https://doi.org/10.7554/eLife.23845.004
Figure 2—figure supplement 1
Polysaccharide intercellular adhesin (PIA) is dispensable for fermentative biofilm formation.

Biofilm formation of the WT (JMB 1100), icaA::Tn (JMB 5577), icaB::Tn (JMB 5579), and icaC::Tn (JMB 5578) strains following fermentative growth is displayed. Data represent the average value of eight wells and error bars represent standard deviation. Statistical significance was calculated using a two-tail Student's t-test and p-values>0.05 were considered to be not significant.

https://doi.org/10.7554/eLife.23845.005
Figure 2—figure supplement 2
Supplementing growth media with the autolysis inhibitor polyanethole sulfonate (PAS) attenuates fermentative biofilm formation.

Biofilm formation of the WT (JMB 1100) cultured fermentatively in the presence of vehicle or 300 µg/mL PAS is displayed. Data represent the average value of eight wells and error bars represent standard deviation. Statistical significance was calculated using a two-tail Student's t-test and * indicates p-value of <0.05.

https://doi.org/10.7554/eLife.23845.006
Figure 2—figure supplement 3
Fermentative biofilm formation is dependent on the AtlA murein hydrolase.

Biofilm formation of the WT (JMB 2977), atlA::Tn (JMB 6625), lytN::Tn (JMB 7265), sle1::Tn (JMB 7266), lytZ::Tn (JMB 7269), lytM::Tn (JMB 7271), lytY::Tn (JMB 7268), and hmrA::Tn (JMB 7270) strains cultured fermentatively is displayed. Data represent the average value of eight wells and error bars represent standard deviation. Statistical significance was calculated using a two-tail Student's t-test and * indicates p-value of <0.05.

https://doi.org/10.7554/eLife.23845.007
Figure 2—figure supplement 4
Cytosolic protein release is increased upon fermentative growth.

Biofilms of the WT (JMB 1100) were cultured aerobically or fermentatively and the activity of the cytosolic protein catalase (Kat) was measured in the spent media supernatant. Extracellular Kat activity was normalized to intracellular Kat activity and thereafter to levels under aerobic growth. Statistical significance was calculated using a two-tail Student's t-test and * indicates p-value of <0.05.

https://doi.org/10.7554/eLife.23845.008
Figure 3 with 1 supplement
Impaired respiration elicits increased expression of AtlA and alterations that make cells more amenable to cleavage by AtlA.

Panel A; The atlA transcript is increased upon fermentative growth. Biofilms of the WT (JMB 1100) were cultured aerobically or fermentatively, mRNA was extracted, and the abundance of the atlA transcript was quantified. The data were normalized to 16S rRNA levels, and thereafter, to levels observed aerobically. Panel B; Fermenting cells undergo increased autolysis in an AtlA-dependent manner. The WT and atlA::Tn (JMB 6625) strains were cultured aerobically or fermentatively and autolysis was examined in intact whole cells. Panel C; AtlA-dependent bacteriolytic activity is increased in fermenting cells. Murein-hydrolase activity in cell-wall associated proteins (CW-extracts) detached from the WT or atlA::Tn strains cultured aerobically or fermentatively is displayed (pH of 7.5). Heat-killed Micrococcus luteus was used as a substrate. Panel D-G; Fermenting cells are more amenable to AtlA and N-acetylmuramyl-L-alanine amidase (AM)-dependent cleavage. Murein-hydrolase activity using CW-extracts detached from a ΔatlA strain (KB 5000) carrying plasmids encoding for empty vector control (Panel D), GL only (patlAGL) (Panel E), full-length AtlA (patlA) (Panel F), or AM only (patlAAM) (Panel G) upon heat-killed cells of the WT cultured aerobically or fermentatively or M. luteus as substrates is displayed (pH of 7.5). The data in Panel A represent the average values of triplicates. Statistical significance was calculated using a two-tail Student's t-test and * indicates p-value of <0.05. The data in Panels B-G represent the average value of technical duplicates from one set of substrate preparation, autolysis experiments, or CW extract preparations. Autolysis experiments or the preparation of heat-killed substrates or CW-extracts were conducted on least three separate occasions and similar results were obtained. Error bars in all panels represent standard deviations. Error bars are displayed for all data, but might be too small to see on occasion.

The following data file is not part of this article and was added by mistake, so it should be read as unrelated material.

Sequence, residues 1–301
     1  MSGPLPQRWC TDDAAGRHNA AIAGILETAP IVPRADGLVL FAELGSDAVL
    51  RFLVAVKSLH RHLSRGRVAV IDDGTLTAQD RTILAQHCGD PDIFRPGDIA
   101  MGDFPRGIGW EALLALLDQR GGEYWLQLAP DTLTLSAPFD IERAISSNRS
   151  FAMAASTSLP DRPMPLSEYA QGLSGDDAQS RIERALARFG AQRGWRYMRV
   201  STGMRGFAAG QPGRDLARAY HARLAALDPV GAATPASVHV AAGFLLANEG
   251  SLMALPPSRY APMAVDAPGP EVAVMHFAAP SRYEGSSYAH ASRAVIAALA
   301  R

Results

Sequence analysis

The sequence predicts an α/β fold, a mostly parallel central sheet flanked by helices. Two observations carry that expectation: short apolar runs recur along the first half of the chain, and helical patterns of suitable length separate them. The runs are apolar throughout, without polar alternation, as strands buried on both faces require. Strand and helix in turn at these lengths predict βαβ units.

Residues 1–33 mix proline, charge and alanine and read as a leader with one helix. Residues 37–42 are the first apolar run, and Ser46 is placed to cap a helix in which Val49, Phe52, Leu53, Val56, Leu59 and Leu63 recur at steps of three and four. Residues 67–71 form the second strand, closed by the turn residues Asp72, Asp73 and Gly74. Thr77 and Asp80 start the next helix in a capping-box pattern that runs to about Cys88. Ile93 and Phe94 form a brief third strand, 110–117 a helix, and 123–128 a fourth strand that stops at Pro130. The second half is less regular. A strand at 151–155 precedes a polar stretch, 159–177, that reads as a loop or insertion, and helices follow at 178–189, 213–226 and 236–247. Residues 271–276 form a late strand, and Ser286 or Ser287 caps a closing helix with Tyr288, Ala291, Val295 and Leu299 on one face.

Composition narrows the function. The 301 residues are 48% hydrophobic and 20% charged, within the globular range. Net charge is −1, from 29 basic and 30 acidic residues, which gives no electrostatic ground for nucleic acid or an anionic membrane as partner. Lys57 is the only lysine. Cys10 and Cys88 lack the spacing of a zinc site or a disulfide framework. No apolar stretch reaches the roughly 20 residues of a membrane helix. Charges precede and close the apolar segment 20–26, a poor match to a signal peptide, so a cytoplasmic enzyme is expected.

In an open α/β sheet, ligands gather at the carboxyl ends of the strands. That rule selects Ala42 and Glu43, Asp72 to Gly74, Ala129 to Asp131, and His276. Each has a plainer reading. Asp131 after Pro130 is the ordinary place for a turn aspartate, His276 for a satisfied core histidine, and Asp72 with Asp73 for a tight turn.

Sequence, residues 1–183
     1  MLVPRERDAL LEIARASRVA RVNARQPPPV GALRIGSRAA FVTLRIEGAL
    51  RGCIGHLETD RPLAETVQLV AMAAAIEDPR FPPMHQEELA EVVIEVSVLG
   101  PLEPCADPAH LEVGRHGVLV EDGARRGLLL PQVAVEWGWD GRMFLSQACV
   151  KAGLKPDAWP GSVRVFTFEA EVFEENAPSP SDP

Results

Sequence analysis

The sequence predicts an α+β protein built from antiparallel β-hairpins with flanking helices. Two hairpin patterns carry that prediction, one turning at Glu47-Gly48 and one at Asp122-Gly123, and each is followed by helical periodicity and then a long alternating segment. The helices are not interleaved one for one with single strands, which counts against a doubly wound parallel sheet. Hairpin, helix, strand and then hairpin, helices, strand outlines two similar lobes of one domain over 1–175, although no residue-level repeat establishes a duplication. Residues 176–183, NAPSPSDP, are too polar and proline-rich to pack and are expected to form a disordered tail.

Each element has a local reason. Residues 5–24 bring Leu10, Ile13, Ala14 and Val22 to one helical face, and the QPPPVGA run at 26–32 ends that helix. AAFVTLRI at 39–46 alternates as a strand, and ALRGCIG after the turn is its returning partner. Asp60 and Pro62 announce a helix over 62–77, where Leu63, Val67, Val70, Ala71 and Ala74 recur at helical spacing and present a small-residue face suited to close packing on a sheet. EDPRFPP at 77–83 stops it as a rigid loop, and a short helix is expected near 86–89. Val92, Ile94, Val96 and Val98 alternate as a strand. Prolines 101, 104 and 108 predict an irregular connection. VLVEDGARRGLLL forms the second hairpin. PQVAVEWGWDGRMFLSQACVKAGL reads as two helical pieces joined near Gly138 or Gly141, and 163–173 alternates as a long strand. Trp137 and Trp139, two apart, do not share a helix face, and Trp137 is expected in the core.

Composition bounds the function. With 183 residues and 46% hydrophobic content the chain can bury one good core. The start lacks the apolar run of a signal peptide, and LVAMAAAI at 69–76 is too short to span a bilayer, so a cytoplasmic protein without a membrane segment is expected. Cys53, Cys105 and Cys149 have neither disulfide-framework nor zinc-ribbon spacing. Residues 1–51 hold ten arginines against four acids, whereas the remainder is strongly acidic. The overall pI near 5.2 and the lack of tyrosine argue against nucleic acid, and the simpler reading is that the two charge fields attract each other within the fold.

https://doi.org/10.7554/eLife.23845.009
Figure 3—figure supplement 1
Representation of the full-length AtlA precursor protein and of the plasmid encoded variants used in this study.